Florida Gov. Rick Scott will become the most junior member of the Senate next month after the 116th Congress is sworn in after defeating three-term Democratic Sen. Bill Nelson. But that victory won without a steep price tag.
Scott spent a record $63.6 million of his own money on his campaign to oust Nelson and turn the Florida Senate delegation all red, according to his most recent Federal Elections Commission report.
That’s more than three quarters of his entire fundraising haul for the cycle of nearly $85 million.
When he jumped into the race in April, Scott indicated that no personal check would be too large to write for his campaign.
“I’m going to do whatever I can to win this election,” he said at the time.
It’s not the first time Scott has shelled out big bucks to boost his own political campaign. The two-term Florida governor spent roughly $75 million of his own money to win election to his first term in 2010.
Scott made his fortune as the CEO of Columbia/HCA, the largest for-profit health care group in the country. At the time he led the company, since re-branded HCA, the group defrauded Medicare, Medicaid, and other government programs for millions of dollars. Scott was never charged with a crime, though he resigned amid the fallout of the Justice Department’s investigation and settlement with the corporation.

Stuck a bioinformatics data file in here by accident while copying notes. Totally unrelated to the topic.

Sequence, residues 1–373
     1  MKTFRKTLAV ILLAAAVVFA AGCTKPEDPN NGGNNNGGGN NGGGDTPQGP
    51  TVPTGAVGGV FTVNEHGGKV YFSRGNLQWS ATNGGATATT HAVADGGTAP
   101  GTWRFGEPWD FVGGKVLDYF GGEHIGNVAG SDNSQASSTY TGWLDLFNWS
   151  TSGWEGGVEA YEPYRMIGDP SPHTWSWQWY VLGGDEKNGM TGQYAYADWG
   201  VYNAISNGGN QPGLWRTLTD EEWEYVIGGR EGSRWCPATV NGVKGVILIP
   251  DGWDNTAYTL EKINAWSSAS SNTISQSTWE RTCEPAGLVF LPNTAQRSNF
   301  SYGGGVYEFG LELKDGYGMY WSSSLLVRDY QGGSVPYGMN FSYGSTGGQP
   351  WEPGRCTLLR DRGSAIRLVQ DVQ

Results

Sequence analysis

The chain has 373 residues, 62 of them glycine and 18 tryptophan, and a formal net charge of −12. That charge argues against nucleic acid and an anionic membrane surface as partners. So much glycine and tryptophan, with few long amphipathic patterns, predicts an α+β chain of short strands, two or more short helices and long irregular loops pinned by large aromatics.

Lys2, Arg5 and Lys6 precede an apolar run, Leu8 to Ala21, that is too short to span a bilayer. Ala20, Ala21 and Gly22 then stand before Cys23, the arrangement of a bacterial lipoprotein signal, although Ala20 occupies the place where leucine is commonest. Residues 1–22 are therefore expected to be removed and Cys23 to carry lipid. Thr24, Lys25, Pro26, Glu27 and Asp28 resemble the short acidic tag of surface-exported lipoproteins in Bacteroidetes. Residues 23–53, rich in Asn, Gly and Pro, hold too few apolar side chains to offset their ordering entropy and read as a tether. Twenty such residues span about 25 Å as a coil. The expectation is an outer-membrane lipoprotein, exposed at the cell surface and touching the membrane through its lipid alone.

Mostly self-funded candidates do not usually meet with success on Election Day.
Of the top 10 candidates this cycle who raised the highest percentage of their campaign cash from themselves, nine lost, according to the Center for Responsive Politics. Most of them didn’t get far, losing in their primaries.
The lone winner was Maryland’s David Trone, who ranked 10th on the list. He defeated state Del. Aruna Miller in the Democratic primary for Maryland’s 6th District in June, setting him up for an easy victory in the safe Democratic seat in November.
That primary made Trone the biggest self-funder in House race history, beating the previous record — set by himself in his losing 2016 primary bid for the neighboring 8th District. Trone spent nearly $16 million of his own money on his 2018 election, or nearly 97 percent of what he raised.
Congressional Hits and Misses: Oregon Christmas Trees, Hatch’s Bacon and Tributes to Bush That Made Us Smile